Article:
Liberals dissatisfied with the Bush economy have, through the wonders of federalism, an alternative. They can move to Michigan. The state represents a rough approximation of ideal liberal economic policy. It is heavily unionized, taxed, and regulated in a failed attempt to close its eyes to the dynamic forces of the market and globalization all around it.
This stew has helped make Michigan the economic sick man of the Midwest. It is suffering from a one-state recession all its own, mostly because it has failed to foster the most profound economic force in the universe — opportunity.
...Michigan was the only state in the country not hit by Hurricane Katrina to lose jobs between September 2004 and September 2005.
Michael LaFaive of the Mackinac Center calls Michigan “the France of North America.” Economically competitive states might have a personal income tax, or corporate income tax, or sales tax — Michigan has all three. It has long been the only state with a European-style, value-added tax — the Single Business Tax.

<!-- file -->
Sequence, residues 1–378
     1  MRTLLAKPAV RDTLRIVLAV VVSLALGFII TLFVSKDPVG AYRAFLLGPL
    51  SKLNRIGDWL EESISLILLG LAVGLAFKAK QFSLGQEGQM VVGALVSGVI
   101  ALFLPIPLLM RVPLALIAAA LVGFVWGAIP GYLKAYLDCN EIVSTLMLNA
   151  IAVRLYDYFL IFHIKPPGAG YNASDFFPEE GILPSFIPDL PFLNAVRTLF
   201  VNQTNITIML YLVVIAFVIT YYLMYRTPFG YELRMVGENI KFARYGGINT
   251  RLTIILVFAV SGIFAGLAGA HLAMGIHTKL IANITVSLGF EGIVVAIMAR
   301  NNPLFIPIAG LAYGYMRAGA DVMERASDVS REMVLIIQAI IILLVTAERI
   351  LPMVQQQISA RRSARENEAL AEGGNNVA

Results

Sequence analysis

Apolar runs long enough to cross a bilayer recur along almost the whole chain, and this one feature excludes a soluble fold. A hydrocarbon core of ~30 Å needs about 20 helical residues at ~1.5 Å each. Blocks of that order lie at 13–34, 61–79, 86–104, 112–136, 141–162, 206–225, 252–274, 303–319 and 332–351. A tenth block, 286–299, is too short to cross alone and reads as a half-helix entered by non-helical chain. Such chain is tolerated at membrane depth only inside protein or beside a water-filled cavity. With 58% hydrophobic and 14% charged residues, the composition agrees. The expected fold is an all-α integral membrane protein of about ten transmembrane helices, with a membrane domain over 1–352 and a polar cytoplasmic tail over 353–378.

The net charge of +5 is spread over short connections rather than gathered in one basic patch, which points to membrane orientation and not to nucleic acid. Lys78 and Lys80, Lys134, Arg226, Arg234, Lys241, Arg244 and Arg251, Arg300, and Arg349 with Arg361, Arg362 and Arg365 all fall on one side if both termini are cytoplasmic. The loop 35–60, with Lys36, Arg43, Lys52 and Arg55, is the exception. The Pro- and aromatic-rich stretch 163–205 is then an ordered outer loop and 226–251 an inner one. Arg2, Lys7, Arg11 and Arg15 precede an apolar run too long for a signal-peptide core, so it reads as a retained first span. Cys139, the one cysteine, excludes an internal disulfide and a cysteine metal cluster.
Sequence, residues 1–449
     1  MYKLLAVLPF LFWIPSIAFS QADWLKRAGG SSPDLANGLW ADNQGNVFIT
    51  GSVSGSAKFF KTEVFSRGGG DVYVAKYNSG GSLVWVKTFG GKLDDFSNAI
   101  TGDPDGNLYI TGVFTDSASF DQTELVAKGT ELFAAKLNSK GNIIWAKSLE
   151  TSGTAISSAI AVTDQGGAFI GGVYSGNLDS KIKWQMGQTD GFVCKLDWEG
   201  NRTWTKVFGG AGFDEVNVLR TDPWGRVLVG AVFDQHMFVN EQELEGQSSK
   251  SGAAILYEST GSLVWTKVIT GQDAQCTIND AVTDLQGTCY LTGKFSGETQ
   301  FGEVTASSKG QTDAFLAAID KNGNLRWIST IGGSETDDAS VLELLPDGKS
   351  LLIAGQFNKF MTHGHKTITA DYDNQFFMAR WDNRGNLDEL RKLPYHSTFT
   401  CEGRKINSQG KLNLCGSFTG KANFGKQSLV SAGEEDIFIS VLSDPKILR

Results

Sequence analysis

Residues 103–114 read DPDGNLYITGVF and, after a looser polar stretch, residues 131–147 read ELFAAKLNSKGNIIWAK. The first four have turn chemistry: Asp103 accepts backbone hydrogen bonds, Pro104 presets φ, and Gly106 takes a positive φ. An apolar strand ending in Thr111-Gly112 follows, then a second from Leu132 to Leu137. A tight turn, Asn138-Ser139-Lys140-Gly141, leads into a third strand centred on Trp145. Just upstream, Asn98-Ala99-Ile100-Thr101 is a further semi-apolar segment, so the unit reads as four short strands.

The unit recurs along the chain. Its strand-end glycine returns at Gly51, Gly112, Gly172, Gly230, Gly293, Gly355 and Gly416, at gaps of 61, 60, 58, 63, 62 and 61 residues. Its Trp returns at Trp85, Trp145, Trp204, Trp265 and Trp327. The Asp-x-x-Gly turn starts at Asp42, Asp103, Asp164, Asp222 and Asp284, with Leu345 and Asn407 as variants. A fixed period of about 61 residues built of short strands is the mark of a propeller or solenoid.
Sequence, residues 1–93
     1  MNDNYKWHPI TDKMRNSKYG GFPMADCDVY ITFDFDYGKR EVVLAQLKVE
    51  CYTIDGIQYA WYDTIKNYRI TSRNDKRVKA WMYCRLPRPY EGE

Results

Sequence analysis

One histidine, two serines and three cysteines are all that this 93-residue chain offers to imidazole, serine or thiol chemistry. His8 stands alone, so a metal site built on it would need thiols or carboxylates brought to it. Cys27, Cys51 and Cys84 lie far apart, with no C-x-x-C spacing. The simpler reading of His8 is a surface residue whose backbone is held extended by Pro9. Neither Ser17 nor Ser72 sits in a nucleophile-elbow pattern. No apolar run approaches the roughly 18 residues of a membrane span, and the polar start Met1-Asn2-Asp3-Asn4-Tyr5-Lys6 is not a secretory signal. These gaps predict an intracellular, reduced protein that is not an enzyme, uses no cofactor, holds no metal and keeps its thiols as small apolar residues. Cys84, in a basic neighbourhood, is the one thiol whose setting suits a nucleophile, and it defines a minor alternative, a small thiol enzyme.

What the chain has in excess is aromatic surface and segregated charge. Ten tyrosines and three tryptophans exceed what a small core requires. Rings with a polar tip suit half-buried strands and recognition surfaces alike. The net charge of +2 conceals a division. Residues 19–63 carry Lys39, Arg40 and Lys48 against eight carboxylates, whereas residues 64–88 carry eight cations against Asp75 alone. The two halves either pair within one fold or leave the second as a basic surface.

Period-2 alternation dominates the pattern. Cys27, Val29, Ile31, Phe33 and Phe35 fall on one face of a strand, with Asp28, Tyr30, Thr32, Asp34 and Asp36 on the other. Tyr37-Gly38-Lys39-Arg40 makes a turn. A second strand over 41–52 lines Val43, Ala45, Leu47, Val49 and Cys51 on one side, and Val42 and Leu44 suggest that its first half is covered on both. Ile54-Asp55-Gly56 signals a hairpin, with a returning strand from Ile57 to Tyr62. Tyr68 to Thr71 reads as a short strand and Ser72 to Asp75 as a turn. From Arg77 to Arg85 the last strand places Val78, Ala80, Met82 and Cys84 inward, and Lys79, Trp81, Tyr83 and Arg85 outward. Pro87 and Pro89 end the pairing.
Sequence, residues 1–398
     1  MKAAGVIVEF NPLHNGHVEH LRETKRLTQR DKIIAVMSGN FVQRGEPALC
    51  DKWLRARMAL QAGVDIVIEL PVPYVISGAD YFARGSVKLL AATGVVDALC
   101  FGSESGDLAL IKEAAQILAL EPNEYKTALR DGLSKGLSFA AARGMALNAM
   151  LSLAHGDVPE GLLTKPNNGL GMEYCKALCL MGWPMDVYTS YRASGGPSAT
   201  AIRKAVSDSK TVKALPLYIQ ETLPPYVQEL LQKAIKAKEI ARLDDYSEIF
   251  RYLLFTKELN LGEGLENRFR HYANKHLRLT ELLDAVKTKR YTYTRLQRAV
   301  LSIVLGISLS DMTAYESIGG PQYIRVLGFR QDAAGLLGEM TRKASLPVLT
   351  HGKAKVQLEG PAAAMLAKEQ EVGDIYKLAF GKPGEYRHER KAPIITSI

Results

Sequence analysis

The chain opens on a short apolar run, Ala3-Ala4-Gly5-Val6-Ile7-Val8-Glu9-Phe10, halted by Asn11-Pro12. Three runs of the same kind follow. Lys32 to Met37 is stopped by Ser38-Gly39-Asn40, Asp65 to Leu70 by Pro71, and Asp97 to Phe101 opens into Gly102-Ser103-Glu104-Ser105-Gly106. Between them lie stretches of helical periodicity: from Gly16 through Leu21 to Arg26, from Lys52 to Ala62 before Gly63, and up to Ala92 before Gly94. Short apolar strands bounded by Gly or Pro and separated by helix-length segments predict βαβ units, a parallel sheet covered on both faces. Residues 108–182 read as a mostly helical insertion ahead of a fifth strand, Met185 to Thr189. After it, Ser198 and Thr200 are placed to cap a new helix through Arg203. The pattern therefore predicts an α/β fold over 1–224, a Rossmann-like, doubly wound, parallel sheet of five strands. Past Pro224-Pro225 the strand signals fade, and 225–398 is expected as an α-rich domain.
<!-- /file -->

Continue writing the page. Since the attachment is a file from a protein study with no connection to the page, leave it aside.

The state still insists on trying to target tax incentives and other special breaks to favored businesses, in a doomed replay of 1970s-era industrial policy.
It used to be that unions could force unnaturally high wages and benefits on U.S. manufacturers, and the costs would be passed along to consumers. Those were the days prior to globalization when the U.S. auto industry had a lock on the domestic market and experienced little international competition. It was inevitable that Michigan would find the new competition disruptive, but not that it would react to it so poorly.
The way to thrive in a globalized environment is to create a low-tax economy without the rigidities that come with heavy unionization and regulation. For those who disagree, Michigan beckons.
The story sure seems familiar.